Maria put down the forged love letter for him to find and soon the entire cast was following Malvolio as he read from it. He used the English word “destiny” when contemplating his future life with Olivia.

As Malvolio continued, the cast stood to one side rocking backwards and forwards in time to the music, sometimes crowding round him.

Olivia responded to Cesario’s second visit with a display of very devoted and tactile affection, making it necessary for Viola to fold her arms strategically to prevent Olivia’s wandering hands from discovering her chest.

So far the performance had been broad brush comedy. But the mood suddenly changed. Left alone on the stage, Viola paused, ran round the back of  a pillar, and then came forward to kneel at the edge of the yard. She silently let her hair down to become a woman again and gently lay on her side.

This corresponded to the sequence in which she rues the impossibility of her love for Orsino: “I have one heart, one bosom and one truth”. On that touching note, the interval came.

At the start of the second half a third heater had appeared on stage. But the action was hotting up anyway as Toby incited Andrew to duel with his love rival Cesario.

Spoken Hindi is often spotted with English phrases. And here, the quite natural occurrence of words such as “sorry”, “follow me”, “destiny” aided comprehension. But now a more extensive passage of English was used to comic effect.

A second appearance from Sebastian allowed actor Amitosh Nagpal to tell us in English that he was the translator of play, which he described as a “thankless task”. But loud cheers and whoops from the audience immediately proved his statement incorrect.

The other great comic set piece in this play is the appearance of the transformed Malvolio. At first he appeared quite normal, but then disappeared briefly offstage to return in transparent yellow stockings over dark underpants with his jacket unbuttoned.

Malvolio pursued the frightened Olivia and sat her on his knee, squeezing her mouth into a comical pucker and moving her head from side to side.

Maria and company danced in celebration of their success.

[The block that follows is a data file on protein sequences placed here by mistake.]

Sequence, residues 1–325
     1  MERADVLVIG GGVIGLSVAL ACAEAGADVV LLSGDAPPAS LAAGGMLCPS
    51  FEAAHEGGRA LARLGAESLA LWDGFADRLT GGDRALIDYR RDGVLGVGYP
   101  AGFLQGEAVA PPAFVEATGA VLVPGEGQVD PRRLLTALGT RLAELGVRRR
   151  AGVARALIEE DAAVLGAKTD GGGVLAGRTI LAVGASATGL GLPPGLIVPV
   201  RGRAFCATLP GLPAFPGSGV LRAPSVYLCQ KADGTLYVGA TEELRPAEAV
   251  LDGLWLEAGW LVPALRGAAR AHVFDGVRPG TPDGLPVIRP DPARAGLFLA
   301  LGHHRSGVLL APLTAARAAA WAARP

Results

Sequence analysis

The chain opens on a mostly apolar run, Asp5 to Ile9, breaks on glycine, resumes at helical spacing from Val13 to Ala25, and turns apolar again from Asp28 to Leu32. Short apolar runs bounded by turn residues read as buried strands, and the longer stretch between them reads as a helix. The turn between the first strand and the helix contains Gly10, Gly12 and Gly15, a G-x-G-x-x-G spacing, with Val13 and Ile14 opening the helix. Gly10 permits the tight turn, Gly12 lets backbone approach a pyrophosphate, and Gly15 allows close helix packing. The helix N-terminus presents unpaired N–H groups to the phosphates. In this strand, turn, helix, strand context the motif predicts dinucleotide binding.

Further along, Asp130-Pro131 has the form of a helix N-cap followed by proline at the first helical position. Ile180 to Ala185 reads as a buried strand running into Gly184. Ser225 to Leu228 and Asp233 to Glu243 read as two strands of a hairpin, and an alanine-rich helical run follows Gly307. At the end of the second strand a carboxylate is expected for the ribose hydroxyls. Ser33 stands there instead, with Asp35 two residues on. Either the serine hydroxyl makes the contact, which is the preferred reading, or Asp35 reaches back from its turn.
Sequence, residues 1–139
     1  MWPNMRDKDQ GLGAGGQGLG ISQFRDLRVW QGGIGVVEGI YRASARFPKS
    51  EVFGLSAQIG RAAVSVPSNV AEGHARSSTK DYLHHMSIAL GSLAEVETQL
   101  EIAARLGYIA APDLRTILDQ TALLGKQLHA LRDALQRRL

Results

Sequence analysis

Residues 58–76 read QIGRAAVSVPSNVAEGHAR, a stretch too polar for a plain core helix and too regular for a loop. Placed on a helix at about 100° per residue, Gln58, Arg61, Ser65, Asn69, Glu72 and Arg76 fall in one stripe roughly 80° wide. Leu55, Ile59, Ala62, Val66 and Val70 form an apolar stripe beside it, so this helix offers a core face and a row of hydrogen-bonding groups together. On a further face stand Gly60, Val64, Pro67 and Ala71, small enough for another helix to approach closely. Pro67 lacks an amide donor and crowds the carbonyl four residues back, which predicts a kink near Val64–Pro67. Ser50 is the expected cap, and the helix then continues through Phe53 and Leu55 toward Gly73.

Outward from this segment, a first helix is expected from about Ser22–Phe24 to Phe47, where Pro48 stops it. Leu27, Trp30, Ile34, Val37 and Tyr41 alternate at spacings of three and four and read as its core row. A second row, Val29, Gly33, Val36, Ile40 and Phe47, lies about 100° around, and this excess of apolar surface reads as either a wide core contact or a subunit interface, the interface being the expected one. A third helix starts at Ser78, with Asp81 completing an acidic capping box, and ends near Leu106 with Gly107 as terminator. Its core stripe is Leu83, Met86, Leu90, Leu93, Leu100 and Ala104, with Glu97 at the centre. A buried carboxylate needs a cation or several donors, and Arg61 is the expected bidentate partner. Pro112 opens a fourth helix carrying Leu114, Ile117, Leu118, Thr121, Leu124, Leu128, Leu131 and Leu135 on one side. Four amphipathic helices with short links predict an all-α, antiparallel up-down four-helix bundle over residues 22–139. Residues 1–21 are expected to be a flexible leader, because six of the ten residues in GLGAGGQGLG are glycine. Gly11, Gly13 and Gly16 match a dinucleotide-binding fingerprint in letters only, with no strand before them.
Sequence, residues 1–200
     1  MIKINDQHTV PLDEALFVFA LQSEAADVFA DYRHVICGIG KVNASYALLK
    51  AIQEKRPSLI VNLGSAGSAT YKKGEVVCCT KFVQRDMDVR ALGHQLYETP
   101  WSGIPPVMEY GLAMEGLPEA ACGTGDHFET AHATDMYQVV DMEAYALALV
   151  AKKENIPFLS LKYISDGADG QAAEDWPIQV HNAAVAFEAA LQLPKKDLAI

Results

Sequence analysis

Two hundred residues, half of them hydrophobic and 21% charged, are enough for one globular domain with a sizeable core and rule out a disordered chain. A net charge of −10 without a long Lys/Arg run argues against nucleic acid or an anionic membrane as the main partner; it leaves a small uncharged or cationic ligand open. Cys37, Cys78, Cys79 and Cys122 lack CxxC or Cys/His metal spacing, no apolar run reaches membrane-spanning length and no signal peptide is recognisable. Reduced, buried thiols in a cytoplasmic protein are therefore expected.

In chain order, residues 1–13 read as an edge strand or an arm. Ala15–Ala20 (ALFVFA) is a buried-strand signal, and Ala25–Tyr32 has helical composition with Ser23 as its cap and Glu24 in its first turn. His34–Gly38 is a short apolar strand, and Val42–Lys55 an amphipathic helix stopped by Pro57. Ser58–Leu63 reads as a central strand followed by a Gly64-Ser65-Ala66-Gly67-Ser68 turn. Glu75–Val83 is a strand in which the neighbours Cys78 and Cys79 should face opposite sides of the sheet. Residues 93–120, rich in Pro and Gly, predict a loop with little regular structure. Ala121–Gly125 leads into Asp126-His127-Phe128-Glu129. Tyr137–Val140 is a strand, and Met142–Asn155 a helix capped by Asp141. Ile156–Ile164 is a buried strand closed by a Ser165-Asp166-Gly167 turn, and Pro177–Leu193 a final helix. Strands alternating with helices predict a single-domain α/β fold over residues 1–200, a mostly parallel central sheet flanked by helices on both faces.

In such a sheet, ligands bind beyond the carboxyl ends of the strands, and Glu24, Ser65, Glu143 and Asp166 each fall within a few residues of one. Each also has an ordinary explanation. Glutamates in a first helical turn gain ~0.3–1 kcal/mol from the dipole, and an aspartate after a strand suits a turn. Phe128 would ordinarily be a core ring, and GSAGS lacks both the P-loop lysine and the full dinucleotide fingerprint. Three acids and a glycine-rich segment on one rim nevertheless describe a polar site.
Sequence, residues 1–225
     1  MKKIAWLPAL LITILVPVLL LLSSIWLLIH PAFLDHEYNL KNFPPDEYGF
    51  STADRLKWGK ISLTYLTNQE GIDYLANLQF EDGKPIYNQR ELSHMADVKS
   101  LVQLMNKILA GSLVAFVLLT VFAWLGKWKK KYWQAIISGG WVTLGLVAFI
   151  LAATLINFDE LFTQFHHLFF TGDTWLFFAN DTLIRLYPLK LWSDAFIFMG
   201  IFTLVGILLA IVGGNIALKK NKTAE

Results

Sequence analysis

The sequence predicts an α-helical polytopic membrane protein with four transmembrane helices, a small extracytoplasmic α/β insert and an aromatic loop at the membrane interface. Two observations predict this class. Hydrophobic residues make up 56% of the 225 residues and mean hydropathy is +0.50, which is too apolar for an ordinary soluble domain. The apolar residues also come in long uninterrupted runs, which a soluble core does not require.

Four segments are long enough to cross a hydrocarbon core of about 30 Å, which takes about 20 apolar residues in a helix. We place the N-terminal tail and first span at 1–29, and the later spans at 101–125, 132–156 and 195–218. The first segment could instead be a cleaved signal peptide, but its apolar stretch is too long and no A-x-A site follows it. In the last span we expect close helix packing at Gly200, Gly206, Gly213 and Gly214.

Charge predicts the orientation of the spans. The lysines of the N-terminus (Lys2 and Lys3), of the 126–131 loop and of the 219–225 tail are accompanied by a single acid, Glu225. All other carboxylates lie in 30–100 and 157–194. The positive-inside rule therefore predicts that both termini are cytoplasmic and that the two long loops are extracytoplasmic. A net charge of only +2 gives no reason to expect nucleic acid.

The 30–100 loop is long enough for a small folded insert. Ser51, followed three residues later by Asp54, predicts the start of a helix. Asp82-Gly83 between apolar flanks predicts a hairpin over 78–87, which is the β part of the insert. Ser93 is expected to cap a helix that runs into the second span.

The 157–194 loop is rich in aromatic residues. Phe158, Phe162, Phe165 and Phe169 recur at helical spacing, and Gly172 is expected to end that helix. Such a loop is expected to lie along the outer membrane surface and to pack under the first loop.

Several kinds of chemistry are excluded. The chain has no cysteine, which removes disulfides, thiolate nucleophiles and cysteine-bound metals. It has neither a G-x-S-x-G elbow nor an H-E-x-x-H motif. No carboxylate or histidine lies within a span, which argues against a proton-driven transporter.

Toby had great fun winding up both Cesario and Andrew to get them to fight, telling Cesario that his ineffectual companion was like a “serial killer”, and forcing Andrew to do press-ups as last minute training. Their final confrontation saw them merely glance past each other.

Sebastian finally got to take part in the action of the play by becoming the object of Olivia’s attentions as she mistook him for Cesario.

As her seduction progressed, Sebastian gleefully went along, grinning at the audience. Olivia half swooned with love, and as her eyes were closed, Sebastian took his chance and tried to undo her top. Unfortunately for Sebastian the garment resisted.

This being a cut-down version of the play, Malvolio’s imprisonment and further gulling were not staged. The character of Antonio was also absent enabling the performance to race towards its conclusion.

Olivia flirted with Cesario in a continuation of her earlier dalliance with Sebastian, arousing Orsino’s jealousy.

This was interrupted by the arrival of Toby and Andrew who had been fighting with Sebastian. Viola’s brother now stood at the other end of stage to her.

The shock of recognition led to the joy of reunion. But this was interrupted by the return of Malvolio who complained of his maltreatment.

Cesario left the stage and returned in Viola’s clothes with her hair down. She and Orsino, Olivia and Sebastian, Toby and Maria exchanged garlands in a marriage ceremony. Poor Malvolio offered his garland to the audience, but with no takers he simply put it round his own neck.

Feste returned and the famous (and particularly apt) “for the rain it raineth every day” saw her put her hand out beyond the protective cover of the stage roof into actual rain.

A final song brought an incredibly fun performance to a close.